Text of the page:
Fire service – ‘Think before lighting BBQs’

Fire service – ‘Think before lightingBBQs’

13 July 2006

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England, UK — Forest firefighters and foresters are calling on residents and visitors to take care this summer to prevent fires ravaging the heathland.

They say that any blaze on Forestry Commission land could pose a threat to property and lives after the area experienced its driest winter for more than a century.

Numbers of fires on the forest are already up on last year.

Hampshire Fire and Rescue Service was called to 159 fires in the forest in 2005 and already this year the crews have responded to 152.

Kevin Penfold, head of land management at the Forestry Commission, said a dry winter and spring had led to similar conditions to those experienced in 1976.

Ground conditions are so dry that not even a week of torrential rain could significantly reduce the fire risk.

He said among the most dangerous are fires that can smoulder underground for days before bursting into flames on the surface.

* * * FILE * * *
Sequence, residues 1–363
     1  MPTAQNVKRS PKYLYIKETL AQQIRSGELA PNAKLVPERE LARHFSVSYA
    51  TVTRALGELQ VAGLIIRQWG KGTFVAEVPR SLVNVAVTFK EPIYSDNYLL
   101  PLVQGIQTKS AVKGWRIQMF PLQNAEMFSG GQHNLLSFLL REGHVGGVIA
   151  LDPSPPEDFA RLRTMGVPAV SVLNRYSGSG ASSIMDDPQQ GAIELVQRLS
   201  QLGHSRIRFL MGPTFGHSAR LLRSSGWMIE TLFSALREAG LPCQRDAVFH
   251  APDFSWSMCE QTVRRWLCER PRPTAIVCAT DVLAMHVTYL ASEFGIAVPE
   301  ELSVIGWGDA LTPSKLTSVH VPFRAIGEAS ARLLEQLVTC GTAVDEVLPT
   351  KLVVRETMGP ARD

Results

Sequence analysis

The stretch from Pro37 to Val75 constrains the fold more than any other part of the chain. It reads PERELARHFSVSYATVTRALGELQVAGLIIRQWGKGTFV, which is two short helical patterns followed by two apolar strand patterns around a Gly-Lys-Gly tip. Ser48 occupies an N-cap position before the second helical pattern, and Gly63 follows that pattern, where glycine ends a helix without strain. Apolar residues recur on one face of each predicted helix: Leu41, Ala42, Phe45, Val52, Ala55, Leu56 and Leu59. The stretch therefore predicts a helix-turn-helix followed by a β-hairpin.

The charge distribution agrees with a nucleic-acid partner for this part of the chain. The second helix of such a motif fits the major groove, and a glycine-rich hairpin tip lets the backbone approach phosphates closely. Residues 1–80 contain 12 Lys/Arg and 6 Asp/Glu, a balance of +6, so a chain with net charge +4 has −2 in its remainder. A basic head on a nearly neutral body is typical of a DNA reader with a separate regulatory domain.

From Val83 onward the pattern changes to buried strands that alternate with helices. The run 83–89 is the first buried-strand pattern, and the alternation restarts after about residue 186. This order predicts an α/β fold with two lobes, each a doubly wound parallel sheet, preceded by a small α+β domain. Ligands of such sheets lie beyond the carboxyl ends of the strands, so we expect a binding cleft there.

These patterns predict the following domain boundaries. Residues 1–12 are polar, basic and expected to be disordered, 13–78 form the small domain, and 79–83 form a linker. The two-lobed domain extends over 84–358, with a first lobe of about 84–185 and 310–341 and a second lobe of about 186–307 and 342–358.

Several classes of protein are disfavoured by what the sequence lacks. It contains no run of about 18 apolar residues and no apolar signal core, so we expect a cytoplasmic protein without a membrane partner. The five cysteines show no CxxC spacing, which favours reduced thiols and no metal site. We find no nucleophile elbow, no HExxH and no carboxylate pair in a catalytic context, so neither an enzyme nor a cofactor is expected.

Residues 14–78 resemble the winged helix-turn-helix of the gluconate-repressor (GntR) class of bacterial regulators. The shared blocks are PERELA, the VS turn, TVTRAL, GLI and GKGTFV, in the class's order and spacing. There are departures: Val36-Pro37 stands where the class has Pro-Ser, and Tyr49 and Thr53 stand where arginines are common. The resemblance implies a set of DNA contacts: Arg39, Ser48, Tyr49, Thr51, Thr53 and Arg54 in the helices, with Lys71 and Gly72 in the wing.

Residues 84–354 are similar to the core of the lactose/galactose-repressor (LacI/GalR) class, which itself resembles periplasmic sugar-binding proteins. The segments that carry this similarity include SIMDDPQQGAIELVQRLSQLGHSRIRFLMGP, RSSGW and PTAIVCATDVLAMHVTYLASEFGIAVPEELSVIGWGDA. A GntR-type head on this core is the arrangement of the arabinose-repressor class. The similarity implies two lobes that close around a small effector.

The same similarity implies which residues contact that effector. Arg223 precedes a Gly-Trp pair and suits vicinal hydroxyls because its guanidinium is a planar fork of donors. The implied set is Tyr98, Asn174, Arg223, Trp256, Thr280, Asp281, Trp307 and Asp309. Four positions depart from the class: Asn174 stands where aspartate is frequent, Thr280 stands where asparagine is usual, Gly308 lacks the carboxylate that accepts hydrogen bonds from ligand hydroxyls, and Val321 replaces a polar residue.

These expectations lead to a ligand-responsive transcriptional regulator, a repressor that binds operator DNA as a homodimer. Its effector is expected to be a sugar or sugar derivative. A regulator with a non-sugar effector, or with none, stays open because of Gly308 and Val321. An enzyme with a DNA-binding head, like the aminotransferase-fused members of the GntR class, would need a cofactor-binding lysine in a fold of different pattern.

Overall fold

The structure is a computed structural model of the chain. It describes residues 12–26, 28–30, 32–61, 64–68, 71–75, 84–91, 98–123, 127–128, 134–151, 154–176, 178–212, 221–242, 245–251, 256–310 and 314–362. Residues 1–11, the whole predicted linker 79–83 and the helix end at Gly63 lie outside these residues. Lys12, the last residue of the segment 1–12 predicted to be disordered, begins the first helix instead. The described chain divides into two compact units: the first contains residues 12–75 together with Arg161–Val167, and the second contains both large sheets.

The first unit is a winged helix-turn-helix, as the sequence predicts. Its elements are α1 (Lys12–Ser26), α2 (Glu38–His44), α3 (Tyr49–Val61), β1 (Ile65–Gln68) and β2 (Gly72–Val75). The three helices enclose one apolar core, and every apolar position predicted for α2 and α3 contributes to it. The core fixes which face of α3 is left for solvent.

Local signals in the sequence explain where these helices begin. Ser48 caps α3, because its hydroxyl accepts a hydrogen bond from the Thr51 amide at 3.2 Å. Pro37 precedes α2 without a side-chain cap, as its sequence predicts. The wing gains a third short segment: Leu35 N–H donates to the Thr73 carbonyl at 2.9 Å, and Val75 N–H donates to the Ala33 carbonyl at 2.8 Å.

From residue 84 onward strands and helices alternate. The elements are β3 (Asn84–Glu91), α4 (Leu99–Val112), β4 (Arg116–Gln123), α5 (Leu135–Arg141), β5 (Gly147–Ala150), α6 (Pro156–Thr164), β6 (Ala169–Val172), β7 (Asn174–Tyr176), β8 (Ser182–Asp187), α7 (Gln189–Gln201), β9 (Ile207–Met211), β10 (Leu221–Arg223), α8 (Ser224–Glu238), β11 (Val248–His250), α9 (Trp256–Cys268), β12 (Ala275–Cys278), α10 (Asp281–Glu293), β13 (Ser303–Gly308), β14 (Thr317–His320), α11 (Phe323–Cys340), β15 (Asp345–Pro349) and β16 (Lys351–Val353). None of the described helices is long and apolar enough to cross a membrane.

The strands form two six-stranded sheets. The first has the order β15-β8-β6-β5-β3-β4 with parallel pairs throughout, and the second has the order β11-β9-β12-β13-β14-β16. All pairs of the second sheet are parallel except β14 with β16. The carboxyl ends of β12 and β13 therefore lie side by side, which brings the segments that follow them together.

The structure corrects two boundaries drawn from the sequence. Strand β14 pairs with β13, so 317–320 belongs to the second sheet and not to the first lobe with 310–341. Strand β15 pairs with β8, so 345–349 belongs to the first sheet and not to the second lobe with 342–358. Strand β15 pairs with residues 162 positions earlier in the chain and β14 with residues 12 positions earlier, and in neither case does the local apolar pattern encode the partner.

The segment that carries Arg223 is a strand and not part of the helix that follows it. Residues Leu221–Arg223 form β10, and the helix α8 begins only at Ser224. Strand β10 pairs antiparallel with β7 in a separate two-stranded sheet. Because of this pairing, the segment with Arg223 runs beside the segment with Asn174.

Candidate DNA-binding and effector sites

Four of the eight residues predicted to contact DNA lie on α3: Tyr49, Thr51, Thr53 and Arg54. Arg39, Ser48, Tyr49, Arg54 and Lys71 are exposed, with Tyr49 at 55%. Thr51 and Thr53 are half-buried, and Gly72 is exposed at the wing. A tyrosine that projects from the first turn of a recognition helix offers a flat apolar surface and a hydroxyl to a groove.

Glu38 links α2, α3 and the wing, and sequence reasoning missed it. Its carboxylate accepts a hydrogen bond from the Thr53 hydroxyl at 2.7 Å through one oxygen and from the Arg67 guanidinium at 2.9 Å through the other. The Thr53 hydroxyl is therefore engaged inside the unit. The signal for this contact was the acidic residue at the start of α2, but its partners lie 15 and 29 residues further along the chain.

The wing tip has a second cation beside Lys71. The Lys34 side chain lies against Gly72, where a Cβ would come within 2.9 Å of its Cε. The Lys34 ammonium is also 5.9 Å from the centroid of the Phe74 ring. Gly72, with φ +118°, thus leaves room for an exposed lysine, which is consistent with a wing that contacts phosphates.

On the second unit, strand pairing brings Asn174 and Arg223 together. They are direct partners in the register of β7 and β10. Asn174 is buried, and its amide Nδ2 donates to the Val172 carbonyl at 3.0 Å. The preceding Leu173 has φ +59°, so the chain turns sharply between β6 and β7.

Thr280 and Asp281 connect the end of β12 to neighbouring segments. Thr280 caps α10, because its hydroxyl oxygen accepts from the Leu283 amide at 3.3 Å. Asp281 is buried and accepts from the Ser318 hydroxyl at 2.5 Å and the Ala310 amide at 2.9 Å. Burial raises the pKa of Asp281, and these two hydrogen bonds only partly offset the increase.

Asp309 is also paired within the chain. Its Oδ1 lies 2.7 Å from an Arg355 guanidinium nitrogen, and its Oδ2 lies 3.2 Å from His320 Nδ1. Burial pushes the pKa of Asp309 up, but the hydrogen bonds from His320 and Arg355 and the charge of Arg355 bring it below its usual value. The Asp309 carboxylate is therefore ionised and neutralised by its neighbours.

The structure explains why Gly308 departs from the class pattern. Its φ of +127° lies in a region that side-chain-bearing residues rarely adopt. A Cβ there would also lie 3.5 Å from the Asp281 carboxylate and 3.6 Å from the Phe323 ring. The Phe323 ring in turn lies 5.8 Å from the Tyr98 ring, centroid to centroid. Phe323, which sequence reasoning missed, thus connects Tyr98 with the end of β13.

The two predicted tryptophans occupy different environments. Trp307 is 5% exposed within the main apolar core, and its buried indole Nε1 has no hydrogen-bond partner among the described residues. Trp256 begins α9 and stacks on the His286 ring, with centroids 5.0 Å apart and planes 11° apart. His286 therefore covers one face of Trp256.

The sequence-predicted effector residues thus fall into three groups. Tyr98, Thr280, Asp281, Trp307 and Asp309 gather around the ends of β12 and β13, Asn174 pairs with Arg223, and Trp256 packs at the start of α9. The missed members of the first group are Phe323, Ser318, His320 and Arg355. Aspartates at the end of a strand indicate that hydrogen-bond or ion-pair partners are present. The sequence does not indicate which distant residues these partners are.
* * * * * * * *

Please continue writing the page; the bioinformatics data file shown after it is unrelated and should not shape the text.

“What we want to do is get people to think before lighting barbecues.

“We would urge them to use the car parks that are provided for their use and to make sure they use the correct bins for disposal,” he said.

“The heathland is very valuable there are some rare plants, reptiles and birds.”

Ranger Zoe Khalaf added: “Acres of peat up to a metre down can catch fire before a blaze finally appears above ground.

“When it does, it can spread at terrifying speeds.”

The commission says it is important for the public to understand the danger and is calling on people to do all they can to help.

The commission will be posting current fire risk levels on its website

Hampshire Fire and Rescue Service crew manager Jim Green said: “It’s crucial that people do not start fires in the forest.

“Nor should they use barbecues anywhere except at the commission’s specially designated sites.

“Used coals should never be discarded until they have cooled down and then only in the bins provided for the purpose.

“Even the sunlight-focusing effect of a discarded bottle or a piece of glass could cause a catastrophe.

“You cannot be too careful if you are out in the forest.

“And you cannot ring the fire service too soon if you spot a blaze getting hold.”


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